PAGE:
Diem (formerly Libra) is a payment system proposed by Facebook. It is built on a foundation blockchain licensed, which is expected to power an ecosystem of payments and other digital financial services.
The currency of this system is called Diem dollars, backed by a basket of currencies stablecoins and is expected to launch in 2021. So, what do we need to know about copper? cryptocurrency of Facebook?
Electronic payment is an area with a lot of "land" for development. Smartphones are getting cheaper by the day, giving more people access to them. Much of the economic activity is happening online. Companies like Paypal, Visa and MasterCard have been providing a lot of financial services, electronic payment. World cryptocurrency are also trying to build products around this area.
Facebook's strength is that it already has a very large user base. Saying “very loud” is probably still an understatement. According to Q3 2020 figures, Facebook has about 2.7 billion monthly active users. This is a big advantage for their upcoming payment system to quickly achieve success.
What is Diem?
Diem is a payment system based on blockchain proposed by Facebook in 2019. It helps people without a bank account get access to financial services. Some of the most important founding members of this system are listed as Morgan Beller, David Marcus, and Kevin Weil.
Initially, the project was scheduled to launch in 2020, but it was delayed due to various reasons and is likely to launch in 2021.
Diem will be run by the Diem Association, an independent membership organization with headquarters in Geneva, Switzerland. Association members include a number of companies from the blockchain, technology, payments, telecommunications, venture capital, and non-profit sectors.
The members of the Association are responsible for governance decisions, monitoring the operation of the Diem payment system, projects built on the Diem blockchain, and providing grants. Facebook aims to have 100 members in this association at launch.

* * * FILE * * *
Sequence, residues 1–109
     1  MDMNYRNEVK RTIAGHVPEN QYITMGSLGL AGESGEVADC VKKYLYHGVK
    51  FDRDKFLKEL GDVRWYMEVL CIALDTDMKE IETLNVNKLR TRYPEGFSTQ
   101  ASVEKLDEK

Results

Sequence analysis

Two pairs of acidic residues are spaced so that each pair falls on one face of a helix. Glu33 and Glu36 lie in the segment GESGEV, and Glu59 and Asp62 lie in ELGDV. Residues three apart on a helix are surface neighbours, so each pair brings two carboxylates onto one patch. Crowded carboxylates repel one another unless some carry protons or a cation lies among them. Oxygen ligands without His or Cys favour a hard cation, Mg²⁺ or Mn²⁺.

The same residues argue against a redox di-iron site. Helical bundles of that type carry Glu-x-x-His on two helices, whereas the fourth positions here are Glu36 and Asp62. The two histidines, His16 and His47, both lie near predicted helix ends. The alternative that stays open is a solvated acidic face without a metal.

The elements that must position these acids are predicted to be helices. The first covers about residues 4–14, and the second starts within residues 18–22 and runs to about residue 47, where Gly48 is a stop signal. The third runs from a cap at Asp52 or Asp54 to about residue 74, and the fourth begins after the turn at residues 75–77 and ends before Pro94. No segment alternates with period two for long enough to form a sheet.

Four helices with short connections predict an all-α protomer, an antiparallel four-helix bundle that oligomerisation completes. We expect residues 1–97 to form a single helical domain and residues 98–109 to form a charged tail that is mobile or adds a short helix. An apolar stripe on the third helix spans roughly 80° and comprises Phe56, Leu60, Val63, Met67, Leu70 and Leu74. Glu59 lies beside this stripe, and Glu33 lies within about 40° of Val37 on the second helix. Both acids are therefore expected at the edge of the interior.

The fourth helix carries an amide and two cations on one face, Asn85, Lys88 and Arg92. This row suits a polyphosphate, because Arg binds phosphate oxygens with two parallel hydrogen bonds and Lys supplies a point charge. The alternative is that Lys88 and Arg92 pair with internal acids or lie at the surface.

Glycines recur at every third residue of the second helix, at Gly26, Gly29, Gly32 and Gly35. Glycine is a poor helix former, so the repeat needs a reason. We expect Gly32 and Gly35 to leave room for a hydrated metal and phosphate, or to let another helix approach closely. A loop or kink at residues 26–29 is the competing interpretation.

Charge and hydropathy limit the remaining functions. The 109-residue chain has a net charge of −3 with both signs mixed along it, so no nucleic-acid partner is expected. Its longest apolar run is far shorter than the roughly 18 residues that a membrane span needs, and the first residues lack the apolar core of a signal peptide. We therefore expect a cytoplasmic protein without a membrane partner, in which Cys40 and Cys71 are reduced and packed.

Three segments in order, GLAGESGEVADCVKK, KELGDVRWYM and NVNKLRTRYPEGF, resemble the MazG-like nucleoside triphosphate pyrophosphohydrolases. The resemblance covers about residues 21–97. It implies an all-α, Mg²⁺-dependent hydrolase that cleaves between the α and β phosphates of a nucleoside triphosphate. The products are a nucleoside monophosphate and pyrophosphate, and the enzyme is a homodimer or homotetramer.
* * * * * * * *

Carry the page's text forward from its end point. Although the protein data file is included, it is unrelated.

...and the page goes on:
Is Diem a Cryptocurrency?
Diem is built on top of blockchain and it uses cryptographic technology. However, the term cryptocurrency often implies specific properties that the coin does not currently have. In summary, according to many reviewers, it would be more accurate to call Diem a cryptocurrency.
How does Diem work?
This means that anyone with an Internet connection is free to access, transact with, or build upon them. There isn't anyone (or anything) controlling access to these blockchains.
However, this will not happen with a licensed blockchain. To use it, you will need the permission of the person who is controlling the network. Or more specifically, the apps you use will need special permissions. Diem is a permissioned blockchain, which also means it won't be able to mine or stake to validate transactions, like many other blockchains.
Instead, it will rely on a set of licensed validators (members of the Diem Association) to validate transactions. According to its creators, Diem is convertible to Proof of Stake (PoS) after the first five years.